Rebels in Mali destroy Timbuktu monuments

Updated 24 December 2012
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Rebels in Mali destroy Timbuktu monuments

BAMAKO, Mali: A tourism official says that militants destroyed four mausoleums in Timbuktu yesterday.
The director of Mali's Timbuktu tourism office, Sane Chirfi, said that Ansar Dine rebels linked to Al-Qaida in the Islamic Maghreb (AQIM) tore down the mausoleums, which were historic but not included on the United Nations list of World Heritage sites. The mausoleums housed the remains of Muslim scholars and teachers who are revered by the Timbuktu population.
Since taking control of Timbuktu earlier this year, the militants have destroyed seven of the 16 mausoleums listed as world heritage sites. Some date back to the 14th century.
According to many residents, the destruction of the graves is the rebels' reaction to the recent UN resolution calling for an international military intervention to remove the rebels from northern Mali.
Meanwhile, militants in northern Mali said Saturday they have carried out fresh amputations and warned of more to come, just days after the UN approved plans for an African-led military intervention force to take back the region.
The amputations were seen as a sign the armed rebel groups which seized the north of the west African state earlier this year are unfazed by the green-light for the operation, which planners say cannot be launched before September next year.
"We cut off the hands of two people on Friday. Eight others will soon share the same fate," said Moctar Barry, a leader of the rebel group, the Movement for Oneness and Jihad in West Africa (MUJAO), controlling the northern city of Gao.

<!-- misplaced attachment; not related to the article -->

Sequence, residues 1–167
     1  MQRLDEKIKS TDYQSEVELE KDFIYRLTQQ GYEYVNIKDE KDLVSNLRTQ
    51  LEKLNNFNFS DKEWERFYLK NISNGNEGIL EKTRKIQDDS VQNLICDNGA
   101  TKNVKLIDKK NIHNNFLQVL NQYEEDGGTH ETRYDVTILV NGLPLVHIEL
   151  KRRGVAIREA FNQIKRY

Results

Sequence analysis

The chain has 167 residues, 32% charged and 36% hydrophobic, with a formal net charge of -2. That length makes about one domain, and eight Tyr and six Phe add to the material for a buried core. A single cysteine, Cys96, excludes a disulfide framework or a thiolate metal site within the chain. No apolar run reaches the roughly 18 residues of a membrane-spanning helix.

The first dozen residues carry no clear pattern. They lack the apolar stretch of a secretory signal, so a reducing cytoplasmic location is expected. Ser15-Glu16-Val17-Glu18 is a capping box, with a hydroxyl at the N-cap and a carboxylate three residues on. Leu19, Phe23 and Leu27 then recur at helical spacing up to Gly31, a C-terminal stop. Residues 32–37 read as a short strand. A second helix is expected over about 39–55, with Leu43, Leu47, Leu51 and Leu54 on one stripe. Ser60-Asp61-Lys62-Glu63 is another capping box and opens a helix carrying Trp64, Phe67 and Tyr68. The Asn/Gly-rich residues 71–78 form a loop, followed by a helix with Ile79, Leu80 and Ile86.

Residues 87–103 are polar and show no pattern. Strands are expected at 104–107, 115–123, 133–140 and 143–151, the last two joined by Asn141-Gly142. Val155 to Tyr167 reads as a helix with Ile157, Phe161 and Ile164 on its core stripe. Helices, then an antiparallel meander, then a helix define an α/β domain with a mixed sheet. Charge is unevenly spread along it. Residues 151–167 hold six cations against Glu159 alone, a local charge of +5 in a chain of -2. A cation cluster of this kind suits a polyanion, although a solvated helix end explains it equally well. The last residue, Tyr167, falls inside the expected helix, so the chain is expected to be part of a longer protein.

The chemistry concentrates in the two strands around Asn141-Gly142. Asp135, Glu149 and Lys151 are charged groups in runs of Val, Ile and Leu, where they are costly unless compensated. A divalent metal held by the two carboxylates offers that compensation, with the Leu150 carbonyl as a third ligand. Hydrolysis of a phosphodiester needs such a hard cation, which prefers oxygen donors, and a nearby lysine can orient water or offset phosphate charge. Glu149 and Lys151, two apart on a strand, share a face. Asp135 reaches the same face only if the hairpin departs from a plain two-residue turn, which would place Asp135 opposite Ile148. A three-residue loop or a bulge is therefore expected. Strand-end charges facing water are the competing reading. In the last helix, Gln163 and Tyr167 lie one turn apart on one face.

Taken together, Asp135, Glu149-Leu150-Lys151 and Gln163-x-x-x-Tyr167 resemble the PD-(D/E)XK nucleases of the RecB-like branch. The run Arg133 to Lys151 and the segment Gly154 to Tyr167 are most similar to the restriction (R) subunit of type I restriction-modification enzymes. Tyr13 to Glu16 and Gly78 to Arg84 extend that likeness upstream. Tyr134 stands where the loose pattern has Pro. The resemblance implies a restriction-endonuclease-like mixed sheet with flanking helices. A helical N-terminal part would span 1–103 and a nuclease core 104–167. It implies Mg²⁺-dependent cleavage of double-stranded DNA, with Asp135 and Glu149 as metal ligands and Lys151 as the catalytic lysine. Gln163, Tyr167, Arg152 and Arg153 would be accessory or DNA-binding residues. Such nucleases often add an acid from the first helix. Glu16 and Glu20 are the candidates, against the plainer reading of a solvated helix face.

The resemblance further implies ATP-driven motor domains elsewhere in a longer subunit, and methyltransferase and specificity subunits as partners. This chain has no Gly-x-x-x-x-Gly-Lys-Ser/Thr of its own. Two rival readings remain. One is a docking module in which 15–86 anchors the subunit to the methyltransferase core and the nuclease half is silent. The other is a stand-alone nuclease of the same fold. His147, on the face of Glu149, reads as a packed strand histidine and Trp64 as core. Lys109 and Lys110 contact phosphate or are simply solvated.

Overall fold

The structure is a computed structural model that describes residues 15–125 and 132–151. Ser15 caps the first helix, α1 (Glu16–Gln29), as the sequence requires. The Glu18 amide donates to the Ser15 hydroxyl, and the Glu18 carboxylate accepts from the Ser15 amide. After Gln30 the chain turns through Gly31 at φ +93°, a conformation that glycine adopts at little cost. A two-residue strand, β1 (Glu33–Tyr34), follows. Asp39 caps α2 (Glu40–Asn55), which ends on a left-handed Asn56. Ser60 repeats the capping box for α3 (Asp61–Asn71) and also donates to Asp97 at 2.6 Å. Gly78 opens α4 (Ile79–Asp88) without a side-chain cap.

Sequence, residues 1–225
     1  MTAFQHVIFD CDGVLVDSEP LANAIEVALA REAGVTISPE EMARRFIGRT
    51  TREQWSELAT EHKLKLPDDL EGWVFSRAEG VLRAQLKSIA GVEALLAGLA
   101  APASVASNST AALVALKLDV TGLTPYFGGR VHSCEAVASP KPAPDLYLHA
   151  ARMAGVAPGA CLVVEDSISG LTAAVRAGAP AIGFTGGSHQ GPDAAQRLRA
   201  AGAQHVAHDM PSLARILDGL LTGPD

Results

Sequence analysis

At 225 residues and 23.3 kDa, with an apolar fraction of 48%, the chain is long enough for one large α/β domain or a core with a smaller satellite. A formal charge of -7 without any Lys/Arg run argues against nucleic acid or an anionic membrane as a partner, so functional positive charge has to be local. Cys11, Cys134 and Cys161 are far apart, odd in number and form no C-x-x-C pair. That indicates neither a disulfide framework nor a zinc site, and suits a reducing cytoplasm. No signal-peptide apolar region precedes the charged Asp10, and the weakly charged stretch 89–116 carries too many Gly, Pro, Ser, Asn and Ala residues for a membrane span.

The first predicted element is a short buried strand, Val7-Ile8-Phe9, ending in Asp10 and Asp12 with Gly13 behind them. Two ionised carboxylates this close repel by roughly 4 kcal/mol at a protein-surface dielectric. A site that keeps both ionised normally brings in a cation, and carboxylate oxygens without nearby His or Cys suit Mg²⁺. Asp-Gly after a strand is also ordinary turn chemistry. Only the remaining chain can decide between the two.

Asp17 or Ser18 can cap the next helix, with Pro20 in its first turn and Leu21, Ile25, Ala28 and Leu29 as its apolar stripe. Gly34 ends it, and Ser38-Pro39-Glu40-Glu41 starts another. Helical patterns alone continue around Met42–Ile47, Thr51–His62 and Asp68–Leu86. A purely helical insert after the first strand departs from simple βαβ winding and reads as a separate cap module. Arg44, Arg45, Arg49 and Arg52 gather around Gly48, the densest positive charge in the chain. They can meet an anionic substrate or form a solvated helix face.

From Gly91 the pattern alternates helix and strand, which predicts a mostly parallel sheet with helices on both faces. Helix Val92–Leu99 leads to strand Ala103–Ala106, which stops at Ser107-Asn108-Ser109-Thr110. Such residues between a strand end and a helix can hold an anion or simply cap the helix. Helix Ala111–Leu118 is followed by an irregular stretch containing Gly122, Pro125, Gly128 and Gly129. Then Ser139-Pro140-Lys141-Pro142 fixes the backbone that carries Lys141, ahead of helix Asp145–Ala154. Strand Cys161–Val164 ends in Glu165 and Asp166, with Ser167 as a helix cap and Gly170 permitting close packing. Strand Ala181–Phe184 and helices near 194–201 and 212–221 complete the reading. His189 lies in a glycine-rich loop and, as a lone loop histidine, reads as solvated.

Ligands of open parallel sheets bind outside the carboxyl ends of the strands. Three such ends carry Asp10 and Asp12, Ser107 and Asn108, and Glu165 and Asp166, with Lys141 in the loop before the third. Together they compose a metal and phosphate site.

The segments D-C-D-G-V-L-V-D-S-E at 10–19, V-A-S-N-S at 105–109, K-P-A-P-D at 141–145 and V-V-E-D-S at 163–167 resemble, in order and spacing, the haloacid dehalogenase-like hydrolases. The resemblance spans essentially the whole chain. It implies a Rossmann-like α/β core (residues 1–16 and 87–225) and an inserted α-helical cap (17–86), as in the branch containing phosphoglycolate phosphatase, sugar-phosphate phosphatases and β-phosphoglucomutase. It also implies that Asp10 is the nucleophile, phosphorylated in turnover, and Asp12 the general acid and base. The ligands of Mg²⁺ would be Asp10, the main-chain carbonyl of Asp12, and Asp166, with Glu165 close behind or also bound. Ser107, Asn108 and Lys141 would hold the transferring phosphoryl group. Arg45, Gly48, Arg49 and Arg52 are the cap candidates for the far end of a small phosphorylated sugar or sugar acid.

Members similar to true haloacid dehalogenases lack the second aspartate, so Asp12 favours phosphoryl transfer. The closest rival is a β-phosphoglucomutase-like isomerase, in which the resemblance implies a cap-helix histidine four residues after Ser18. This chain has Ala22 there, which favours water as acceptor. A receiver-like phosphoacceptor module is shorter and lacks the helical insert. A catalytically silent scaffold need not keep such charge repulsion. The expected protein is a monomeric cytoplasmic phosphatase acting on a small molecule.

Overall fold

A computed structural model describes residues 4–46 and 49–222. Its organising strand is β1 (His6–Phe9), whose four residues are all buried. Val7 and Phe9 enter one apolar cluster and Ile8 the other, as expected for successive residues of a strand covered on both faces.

His claims were confirmed by witnesses, with one resident saying the amputees had committed theft.
"I saw one of them, they gave him an injection before the amputation. He cried out. Both amputees are now at the hospital," another resident told AFP.
Gao lawmaker Abdou Sidibe blamed the amputations on "the international community's laxness," saying its indecision over whether to intervene to reconquer Mali's north were making the rebels feel invincible.
"The international community needs to know that it is its hesitation over intervening, or no, in northern Mali that is encouraging the rebels to show they are at home and are not afraid of anything," Sidibe said.
The amputations took place a day after the Security Council approved plans for the African-led 3,300 troop intervention but vowed to work toward a peaceful solution for the Mali crisis.
Al-Qaeda linked groups and other militants have been controlling regions in northern Mali for months, in a conflict that has so far displaced more than 400,000 people, according to the UN.

Algeria, a military power player in the Sahel, has called for a political solution to the Mali crisis, a position also backed by the United Nations.
On Friday, the 15-member Security Council insisted that military force could only be used after political efforts have been exhausted.
FROM: AGENCIES


More than 70 countries commit to combat terror financing

Updated 52 min 50 sec ago
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More than 70 countries commit to combat terror financing

  • Participants at an international conference in Paris agreed to “fully criminalize” terror financing
  • The two-day event was convened by French President Emmanuel Macron

PARIS: More than 70 countries committed Thursday to bolster efforts in the fight against terrorism financing associated with Daesh and Al-Qaeda.